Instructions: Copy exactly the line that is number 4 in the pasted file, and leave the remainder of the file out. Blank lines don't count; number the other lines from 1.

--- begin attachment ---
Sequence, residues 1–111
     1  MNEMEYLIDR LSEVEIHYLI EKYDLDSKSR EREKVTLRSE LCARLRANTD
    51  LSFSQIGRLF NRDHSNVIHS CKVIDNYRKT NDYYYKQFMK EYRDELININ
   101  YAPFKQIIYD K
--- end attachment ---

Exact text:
   101  YAPFKQIIYD K